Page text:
21 Q. So when you testified yesterday that there were thousands of
22 refugee interviews, which you did. I can refer you to the statement, if
23 you'd like. And when you testified in your statement twice, or at least
24 your submitted statement, that there were thousands of interviews, and
25 when you testified at the Milosevic trial that there were thousands of
1 Albanians interviewed, are you saying that you only meant another 1.000,
2 2.000 above the 27, 2800?
3 A. Well, I always included those numbers in the word "thousands."
4 Q. So all you meant there were 3300, 4.000 interviews? Give us your
5 best judgement, please.
6 A. Yeah, that would probably be about right.
7 Q. That would be about right. That's what you meant by "thousands"?
8 A. That's "thousands" to me.
9 Q. Okay. That's fine. Just asking. And do you have a record of all
10 those interviews? Were all of those interviews submitted to the OTP?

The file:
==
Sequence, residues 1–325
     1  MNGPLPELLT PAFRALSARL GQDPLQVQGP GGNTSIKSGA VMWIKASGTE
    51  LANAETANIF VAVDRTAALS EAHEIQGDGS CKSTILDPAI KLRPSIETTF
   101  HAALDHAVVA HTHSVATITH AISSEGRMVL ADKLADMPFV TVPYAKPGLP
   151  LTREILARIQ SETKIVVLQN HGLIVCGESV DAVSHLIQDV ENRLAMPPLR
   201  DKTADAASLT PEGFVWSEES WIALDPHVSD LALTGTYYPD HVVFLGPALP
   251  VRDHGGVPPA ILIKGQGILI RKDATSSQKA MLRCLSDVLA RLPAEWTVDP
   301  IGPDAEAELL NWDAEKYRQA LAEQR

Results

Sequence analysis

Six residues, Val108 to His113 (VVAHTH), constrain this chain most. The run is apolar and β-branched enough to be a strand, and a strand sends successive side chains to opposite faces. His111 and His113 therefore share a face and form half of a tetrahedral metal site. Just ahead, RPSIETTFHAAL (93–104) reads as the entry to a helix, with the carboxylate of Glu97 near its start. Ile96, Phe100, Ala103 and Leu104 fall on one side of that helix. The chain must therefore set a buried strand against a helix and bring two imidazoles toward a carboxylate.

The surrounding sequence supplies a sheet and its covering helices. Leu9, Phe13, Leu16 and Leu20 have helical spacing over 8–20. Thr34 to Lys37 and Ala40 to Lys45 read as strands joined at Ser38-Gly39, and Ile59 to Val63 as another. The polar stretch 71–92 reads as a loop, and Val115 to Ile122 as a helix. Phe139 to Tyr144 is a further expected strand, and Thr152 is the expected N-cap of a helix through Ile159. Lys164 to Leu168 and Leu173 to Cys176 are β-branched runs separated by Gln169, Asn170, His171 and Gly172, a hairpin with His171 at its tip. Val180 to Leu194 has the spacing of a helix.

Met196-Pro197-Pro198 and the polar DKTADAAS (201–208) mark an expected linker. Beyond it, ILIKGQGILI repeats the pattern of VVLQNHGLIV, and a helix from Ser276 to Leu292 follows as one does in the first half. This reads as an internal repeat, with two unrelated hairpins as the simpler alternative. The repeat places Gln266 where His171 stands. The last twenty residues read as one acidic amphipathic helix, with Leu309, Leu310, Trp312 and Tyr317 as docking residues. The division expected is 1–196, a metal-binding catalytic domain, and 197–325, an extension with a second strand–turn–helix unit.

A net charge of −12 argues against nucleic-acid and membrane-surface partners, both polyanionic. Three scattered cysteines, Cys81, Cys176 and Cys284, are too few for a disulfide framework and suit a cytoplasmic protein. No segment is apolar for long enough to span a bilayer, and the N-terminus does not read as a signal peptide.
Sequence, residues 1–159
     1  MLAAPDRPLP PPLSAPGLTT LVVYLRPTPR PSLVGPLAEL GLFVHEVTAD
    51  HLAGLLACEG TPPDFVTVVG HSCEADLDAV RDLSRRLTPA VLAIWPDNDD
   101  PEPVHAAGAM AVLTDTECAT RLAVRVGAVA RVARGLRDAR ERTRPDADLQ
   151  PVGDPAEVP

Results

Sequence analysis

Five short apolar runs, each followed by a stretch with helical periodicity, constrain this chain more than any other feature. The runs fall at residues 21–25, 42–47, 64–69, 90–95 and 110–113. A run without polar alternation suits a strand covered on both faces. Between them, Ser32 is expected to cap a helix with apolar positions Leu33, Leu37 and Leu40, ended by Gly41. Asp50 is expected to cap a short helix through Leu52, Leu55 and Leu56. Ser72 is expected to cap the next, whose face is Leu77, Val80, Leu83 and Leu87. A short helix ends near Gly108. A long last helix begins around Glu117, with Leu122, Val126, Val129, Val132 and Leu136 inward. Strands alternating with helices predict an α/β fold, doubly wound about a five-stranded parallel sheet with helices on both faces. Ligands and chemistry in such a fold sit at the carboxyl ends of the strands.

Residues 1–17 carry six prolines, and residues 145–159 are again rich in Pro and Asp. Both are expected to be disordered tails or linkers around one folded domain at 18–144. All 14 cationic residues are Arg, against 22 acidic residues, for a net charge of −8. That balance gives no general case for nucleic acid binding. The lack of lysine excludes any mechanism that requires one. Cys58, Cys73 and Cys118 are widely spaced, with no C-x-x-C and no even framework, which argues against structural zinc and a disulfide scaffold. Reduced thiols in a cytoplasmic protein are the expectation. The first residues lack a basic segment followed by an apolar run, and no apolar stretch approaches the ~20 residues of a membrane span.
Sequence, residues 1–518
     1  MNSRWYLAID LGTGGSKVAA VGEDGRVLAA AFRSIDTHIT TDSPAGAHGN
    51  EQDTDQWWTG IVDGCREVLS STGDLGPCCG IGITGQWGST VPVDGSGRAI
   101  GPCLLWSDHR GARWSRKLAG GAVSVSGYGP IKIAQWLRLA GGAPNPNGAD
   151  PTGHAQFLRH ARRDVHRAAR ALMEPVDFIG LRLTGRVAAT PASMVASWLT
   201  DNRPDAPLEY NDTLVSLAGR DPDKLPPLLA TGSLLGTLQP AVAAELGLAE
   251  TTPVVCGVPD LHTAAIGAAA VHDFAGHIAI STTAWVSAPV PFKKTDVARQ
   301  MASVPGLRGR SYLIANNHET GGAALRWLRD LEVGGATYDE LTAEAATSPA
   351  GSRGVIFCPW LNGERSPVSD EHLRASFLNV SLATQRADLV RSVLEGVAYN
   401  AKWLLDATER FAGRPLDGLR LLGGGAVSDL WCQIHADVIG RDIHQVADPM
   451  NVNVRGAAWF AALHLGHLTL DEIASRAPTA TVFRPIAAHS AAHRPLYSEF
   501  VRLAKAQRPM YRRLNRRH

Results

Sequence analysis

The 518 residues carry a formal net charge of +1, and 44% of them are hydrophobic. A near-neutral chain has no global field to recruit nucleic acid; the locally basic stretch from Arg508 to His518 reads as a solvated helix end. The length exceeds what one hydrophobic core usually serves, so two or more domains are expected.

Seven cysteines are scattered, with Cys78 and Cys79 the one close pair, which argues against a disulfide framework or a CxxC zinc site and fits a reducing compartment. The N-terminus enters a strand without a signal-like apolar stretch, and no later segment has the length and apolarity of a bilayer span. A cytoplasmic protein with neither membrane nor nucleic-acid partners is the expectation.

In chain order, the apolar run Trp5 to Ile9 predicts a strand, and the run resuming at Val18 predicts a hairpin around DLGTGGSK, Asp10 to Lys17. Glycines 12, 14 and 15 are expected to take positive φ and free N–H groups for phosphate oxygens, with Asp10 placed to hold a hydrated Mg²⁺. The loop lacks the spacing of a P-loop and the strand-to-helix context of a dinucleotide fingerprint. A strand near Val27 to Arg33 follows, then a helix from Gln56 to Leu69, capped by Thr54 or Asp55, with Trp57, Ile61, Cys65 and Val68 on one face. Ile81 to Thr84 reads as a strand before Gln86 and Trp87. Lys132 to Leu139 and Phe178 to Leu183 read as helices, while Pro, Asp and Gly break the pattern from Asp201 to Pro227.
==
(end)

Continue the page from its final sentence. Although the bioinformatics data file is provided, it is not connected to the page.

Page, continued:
11 A. No, sir.
12 Q. And tell us how that came about.
13 A. Oftentimes you would talk to a group of people and you may get so
14 far in the interview and for a variety of reasons, they didn't directly
15 see something, you come quickly that they're talking about a story three
16 other people may have told. So it stops, and there's nothing written
17 down. Also, when we evacuated, a lot of the information we were unable to
18 bring out for purely logistical reasons. And so those would have been
19 destroyed at the time. So that's the explanation.
20 Q. So --
21 JUDGE BONOMY: Are the 750 complaints of violence, are they
22 included in the 2.800 roughly?
23 THE WITNESS: No.
24 JUDGE BONOMY: They are in addition.
25 THE WITNESS: That's correct.
1 MR. SEPENUK:
2 Q. So I take it that other than the 2700 or so that's been turned